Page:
|Term of Office:
|October 1, 1990 - June 28, 1995
|Arlene Perly Rae
|Date of Birth:
|August 2, 1948
|Place of Birth:
Rae was born in Ottawa and attended the University of Toronto where he received his law degree. He was known as a spectacular student and was awarded a Rhodes Scholarship to Oxford University, where he studied under Isaiah Berlin.
Before becoming premier of Ontario, Rae had a long career in both federal and provincial politics and was one of the best-known faces of the NDP. His win of the 1990 election was something of a shock to everyone. Liberal premier David Peterson had called an early election only three years into his mandate because he was so sure of re-election. The early call, combined with a weak campaign and the recent Harbourfront Scandal, weakened his voter base, as a result of which Rae and the NDP were vaulted into office with just 37 per cent of the popular vote.
The NDP had never governed before, and North America was in the depth of the worst recession since the Great Depression, which accounts for why they only lasted one term in office. Rae quickly backtracked on a number of campaign promises, most notably the introduction of public auto insurance. In addition, a number of cabinet scandals quickly cut into the government's popularity.
As the recession wore on, Rae realized that cuts needed to be made and that the province needed to be made more competitive, but this led to a falling-out with labour leader Bob White. The revenue-raising idea of photo-radar also led to a sharp decrease in popularity. In an effort to cut back civil service spending without layoffs, "Rae days" were introduced, giving civil servants (including teachers, doctors, nurses, etc.) ten days off without pay per year.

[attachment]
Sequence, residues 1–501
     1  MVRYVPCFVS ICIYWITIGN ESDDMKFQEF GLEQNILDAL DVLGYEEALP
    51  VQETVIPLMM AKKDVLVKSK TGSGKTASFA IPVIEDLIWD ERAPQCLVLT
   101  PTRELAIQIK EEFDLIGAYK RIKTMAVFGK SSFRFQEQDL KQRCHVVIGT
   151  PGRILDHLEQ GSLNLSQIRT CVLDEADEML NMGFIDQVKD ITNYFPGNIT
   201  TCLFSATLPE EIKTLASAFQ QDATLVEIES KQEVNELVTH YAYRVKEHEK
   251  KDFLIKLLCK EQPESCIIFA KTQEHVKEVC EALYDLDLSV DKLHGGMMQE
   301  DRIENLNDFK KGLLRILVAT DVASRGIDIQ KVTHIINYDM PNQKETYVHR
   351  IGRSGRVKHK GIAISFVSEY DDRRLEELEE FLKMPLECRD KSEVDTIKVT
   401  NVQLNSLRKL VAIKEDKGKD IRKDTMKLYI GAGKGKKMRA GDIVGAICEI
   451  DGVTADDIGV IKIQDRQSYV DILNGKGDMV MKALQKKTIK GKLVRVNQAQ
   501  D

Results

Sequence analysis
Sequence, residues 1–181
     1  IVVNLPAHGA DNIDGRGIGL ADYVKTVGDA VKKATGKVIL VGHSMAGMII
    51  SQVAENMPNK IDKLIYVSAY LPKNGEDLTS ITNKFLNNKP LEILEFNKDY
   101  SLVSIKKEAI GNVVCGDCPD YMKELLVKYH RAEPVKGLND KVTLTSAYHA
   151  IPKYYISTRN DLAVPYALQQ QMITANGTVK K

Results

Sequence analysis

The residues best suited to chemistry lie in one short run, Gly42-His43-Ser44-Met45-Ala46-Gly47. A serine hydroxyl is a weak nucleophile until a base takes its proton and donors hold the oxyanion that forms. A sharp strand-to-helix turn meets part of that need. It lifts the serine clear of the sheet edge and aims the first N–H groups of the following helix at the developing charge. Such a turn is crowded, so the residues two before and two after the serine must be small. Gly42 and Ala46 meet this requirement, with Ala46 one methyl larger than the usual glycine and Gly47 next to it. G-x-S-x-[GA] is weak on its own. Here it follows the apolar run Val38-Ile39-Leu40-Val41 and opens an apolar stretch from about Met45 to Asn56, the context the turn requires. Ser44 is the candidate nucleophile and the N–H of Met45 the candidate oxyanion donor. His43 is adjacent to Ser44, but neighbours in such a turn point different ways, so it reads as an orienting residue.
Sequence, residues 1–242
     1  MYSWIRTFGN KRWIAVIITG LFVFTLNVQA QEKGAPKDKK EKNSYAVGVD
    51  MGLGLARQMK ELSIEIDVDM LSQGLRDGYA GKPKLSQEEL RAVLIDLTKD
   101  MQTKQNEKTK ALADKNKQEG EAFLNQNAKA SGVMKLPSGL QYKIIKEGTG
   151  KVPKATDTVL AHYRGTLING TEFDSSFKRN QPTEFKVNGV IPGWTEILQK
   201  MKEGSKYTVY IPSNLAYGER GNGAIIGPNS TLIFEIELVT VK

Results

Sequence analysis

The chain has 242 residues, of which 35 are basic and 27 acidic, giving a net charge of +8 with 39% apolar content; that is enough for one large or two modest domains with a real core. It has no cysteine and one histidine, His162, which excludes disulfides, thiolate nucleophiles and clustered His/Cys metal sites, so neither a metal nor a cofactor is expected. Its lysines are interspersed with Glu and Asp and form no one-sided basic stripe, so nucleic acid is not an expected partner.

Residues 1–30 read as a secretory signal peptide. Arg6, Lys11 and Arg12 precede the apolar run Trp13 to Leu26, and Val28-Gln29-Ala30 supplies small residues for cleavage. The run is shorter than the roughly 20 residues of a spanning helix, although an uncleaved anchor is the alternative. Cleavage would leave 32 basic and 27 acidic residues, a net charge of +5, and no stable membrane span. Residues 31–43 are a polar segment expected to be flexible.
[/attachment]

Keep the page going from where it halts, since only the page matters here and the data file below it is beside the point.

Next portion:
In 1995 the party faced re-election and lost. Rae resigned and moved to positions in academia and the private sector. He is still a popular figure, and there have been many attempts by the federal Liberal party to recruit him.
In retrospect, Rae was the unluckiest of all the Ontario premiers. Although his government did a lot to help people, Rae suffered the misfortune of ruling through an economic crisis, which was in no way his fault. In this respect, he suffered the same fate as former British Prime Minister James Callaghan. He was doubly unlucky in that, although his policies resulted in an economic recovery, it was only after his term of office had ended.
|List of Ontario premiers